For horror fans looking for another value pack of horror movies, Mill Creek Entertainment is repackaging some of their more notable titles in to a Triple Feature on Blu-Ray. For folks looking to increase their horror movie collection and save money, this is the perfect launch pad with some up to date formats. This Trio of films come on Blu-Ray and DVD, for folks that still collect and or use the latter format.
Just in time for “Women in Horror Month,” Andrew Fleming’s “The Craft” is one of those movies that’s gained some heavy cult momentum over the years, and for good reason. Even with the nineties aesthetic, “The Craft” has aged quite well offering up a mature genre picture that begins as a coming of age supernatural drama and gradually transforms in to a horror film. There just aren’t films like “The Craft” anymore, and that’s a shame, since Andrew Fleming offers up a unique tale of good and evil, and power corrupting absolutely.
Undercrank Productions deserves a ton of credit as they are releasing films and silent cinema that no one else has even approached yet. While boutique studios are dabbling in eighties and seventies obscure gems, Undercrank and Ben Model are back in the early 1900’s restoring the short films of Alice Howell, a silent cinema comedic actress who was once compared to her contemporaries Charlie Chaplin and Buster Keaton. Thanks to a successful Kickstarter campaign, folks that want to bone up on the history of women in comedy cinema, this is a great place to continue your education on how much they’ve contributed, and the unsung voices of comedy.
Despite generally loving movies about the supernatural, and in spite of “The Plague of the Zombies” being very much ahead of its time in its implementing of voodoo as a means of our villain enacting his devious plan, I was indifferent toward “The Plague of the Zombies.” I can’t say that I completely hated it, but while it packs in some tension and great mood set pieces, I wasn’t too sad when it finally drew to a close.
Take the unabashed violence of the eighties action films where all that stood between peace and war was one guy with a gun, throw in a slasher film, and you have what is one of my absolute childhood favorites. “Cobra” brings me back to a time where I’d watch Marion Cobretti bring down a thug with the cold hard steel of his Colt .45 and still have time to go home and unwind with some left over pizza. Thankfully “Cobra” still pretty much holds up today as a mixing of two very popular genres from the decade, and it works for the most part.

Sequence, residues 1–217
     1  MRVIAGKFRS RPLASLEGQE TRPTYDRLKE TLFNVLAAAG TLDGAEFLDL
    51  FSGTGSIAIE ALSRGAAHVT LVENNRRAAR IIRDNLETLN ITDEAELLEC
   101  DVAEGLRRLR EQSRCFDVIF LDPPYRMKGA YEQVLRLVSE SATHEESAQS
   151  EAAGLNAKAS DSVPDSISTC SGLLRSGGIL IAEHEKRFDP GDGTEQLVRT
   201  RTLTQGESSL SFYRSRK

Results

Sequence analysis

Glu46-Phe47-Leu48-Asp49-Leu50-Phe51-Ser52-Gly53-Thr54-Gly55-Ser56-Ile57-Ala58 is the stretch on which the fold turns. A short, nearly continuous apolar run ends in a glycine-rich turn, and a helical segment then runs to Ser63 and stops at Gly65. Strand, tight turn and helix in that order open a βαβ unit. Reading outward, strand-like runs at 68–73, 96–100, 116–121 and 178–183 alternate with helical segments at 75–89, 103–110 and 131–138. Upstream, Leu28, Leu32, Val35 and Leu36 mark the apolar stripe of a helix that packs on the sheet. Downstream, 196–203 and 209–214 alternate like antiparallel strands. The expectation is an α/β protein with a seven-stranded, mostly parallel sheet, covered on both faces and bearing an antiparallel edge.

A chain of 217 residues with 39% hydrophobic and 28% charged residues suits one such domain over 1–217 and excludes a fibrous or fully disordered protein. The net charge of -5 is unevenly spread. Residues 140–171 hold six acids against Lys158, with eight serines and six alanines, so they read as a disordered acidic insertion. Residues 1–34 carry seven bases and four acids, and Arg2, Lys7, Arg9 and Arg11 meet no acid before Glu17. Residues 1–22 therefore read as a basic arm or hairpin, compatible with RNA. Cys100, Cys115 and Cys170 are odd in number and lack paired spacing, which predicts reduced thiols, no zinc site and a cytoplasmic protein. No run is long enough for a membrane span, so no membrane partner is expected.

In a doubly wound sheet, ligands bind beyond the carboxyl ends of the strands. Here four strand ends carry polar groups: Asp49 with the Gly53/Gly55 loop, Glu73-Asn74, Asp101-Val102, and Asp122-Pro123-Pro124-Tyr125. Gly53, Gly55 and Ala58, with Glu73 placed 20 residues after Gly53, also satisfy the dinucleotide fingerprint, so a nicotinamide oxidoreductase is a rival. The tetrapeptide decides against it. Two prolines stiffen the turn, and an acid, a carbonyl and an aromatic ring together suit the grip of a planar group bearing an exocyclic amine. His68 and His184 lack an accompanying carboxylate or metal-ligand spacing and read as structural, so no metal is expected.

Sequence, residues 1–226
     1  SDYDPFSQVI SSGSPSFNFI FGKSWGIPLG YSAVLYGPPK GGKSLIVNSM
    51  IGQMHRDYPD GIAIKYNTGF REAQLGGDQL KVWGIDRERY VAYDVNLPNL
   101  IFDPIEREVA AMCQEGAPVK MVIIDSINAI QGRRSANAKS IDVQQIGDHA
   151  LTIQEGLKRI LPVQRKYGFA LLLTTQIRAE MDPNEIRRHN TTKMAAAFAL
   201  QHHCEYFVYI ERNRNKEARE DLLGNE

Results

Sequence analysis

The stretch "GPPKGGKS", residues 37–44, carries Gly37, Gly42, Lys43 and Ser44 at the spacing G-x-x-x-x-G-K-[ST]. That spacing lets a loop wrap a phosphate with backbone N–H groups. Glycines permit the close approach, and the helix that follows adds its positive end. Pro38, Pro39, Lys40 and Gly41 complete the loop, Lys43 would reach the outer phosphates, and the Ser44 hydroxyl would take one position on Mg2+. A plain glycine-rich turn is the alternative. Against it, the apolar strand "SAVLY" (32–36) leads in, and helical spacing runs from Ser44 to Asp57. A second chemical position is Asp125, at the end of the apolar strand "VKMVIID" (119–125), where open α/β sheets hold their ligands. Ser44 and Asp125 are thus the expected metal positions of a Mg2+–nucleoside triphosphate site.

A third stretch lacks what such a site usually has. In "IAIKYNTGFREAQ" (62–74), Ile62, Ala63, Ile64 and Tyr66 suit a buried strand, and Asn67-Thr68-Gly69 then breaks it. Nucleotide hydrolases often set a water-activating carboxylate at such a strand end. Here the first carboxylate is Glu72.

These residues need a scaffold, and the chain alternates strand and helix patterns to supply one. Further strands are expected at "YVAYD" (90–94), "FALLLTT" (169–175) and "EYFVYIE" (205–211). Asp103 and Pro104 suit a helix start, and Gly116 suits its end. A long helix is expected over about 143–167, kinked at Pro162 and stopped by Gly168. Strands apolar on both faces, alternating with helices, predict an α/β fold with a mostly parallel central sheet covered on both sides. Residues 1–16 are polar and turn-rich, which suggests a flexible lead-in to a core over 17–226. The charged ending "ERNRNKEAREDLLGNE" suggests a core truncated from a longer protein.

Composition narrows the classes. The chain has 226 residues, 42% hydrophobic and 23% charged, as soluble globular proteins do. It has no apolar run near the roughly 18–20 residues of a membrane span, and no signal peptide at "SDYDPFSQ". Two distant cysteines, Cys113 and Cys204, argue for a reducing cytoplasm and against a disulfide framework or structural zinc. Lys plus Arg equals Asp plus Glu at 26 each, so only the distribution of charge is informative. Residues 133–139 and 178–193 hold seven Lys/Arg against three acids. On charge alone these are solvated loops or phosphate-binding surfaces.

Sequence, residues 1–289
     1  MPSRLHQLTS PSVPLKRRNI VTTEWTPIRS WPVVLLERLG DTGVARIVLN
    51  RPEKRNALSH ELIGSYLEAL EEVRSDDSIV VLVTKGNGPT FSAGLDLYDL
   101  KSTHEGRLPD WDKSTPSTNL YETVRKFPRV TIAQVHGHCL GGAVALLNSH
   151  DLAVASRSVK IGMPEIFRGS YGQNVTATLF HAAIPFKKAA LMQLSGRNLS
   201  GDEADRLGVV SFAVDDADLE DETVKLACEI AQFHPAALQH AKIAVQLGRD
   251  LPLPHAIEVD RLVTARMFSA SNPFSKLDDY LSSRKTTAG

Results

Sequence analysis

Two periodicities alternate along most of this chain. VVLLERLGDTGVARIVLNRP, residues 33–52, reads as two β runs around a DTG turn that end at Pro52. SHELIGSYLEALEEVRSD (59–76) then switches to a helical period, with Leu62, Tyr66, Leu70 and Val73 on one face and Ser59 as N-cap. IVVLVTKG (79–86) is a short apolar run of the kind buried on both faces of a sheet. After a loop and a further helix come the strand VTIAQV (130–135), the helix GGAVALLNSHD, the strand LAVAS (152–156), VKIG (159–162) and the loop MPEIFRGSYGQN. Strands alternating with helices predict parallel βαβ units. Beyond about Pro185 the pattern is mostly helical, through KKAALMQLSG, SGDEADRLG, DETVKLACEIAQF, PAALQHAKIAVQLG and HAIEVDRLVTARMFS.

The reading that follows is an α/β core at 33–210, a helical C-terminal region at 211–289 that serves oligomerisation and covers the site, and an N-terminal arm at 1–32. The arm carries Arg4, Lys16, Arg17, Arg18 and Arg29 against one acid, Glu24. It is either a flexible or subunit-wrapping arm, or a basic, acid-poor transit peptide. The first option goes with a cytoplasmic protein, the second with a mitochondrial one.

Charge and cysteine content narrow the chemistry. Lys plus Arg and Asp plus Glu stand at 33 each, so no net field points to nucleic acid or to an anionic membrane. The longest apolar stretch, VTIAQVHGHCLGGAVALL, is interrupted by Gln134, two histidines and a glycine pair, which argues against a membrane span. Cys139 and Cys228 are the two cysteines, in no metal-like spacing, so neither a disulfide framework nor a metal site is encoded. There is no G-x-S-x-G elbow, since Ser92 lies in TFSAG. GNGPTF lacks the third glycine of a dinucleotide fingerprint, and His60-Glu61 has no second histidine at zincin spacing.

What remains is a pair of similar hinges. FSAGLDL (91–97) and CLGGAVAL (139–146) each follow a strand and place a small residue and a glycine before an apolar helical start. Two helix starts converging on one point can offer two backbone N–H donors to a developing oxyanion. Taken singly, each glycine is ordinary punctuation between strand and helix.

Director/Star Bradley Cooper’s “A Star is Born” will likely go down in history as one of the greatest remakes of all time. Cooper doesn’t try so much to remake a story that’s been already remade, but rethink it for a modern culture. In the end “A Star is Born” excels because it doesn’t lose sight of what it wants to convey as an epic romance, and a tale about identity, and stardom. It’s a beautiful and often soul shattering drama that Cooper directs with immense humility and is able to derive wonderful performances all around.
For all three of you fans of the “Poison Ivy” movie series wondering when we’d finally see all four of the films from the series on Blu-Ray, Shout Factory finally brings it to us with extras and restorations. Truth is I’m eagerly awaiting the “Devil in the Flesh” duology on Blu-Ray (Sidenote: Do you think anyone has the balls to release the entire “Wild Things” saga?), but for now we have this neat box set of some of the best worst erotic trash that’s ever been brought to movie fans from Warner bros. And just in time for Valentine’s Day and Women in Horror Month, too! You can ogle a pre-career renaissance Drew Barrymore, or up and comer Jaime Pressly, or a post-“Degrassi” Miriam McDonald.
There’s no wrong option, is the bullet point of my explanation.
Jamie Blanks’ “Valentine” is one of the many latter day slasher films that would completely steal from the premise of “Slaughter High” and retrofit it to a new generation, as well as blatantly ape the gimmick of “I Know What You Did Last Summer.” “Valentine” is one of the more ambitious slashers that not only steals from “Slaughter High” but also jumps on the valentine holiday as its primary gimmick for the stalking and slashing. “My Bloody Valentine” always has my loyalty, while “Valentine” is just a sub-par absolutely vanilla slasher thriller with the classic whodunit plot motivation that also became a common element of latter day slashers post-“Scream.”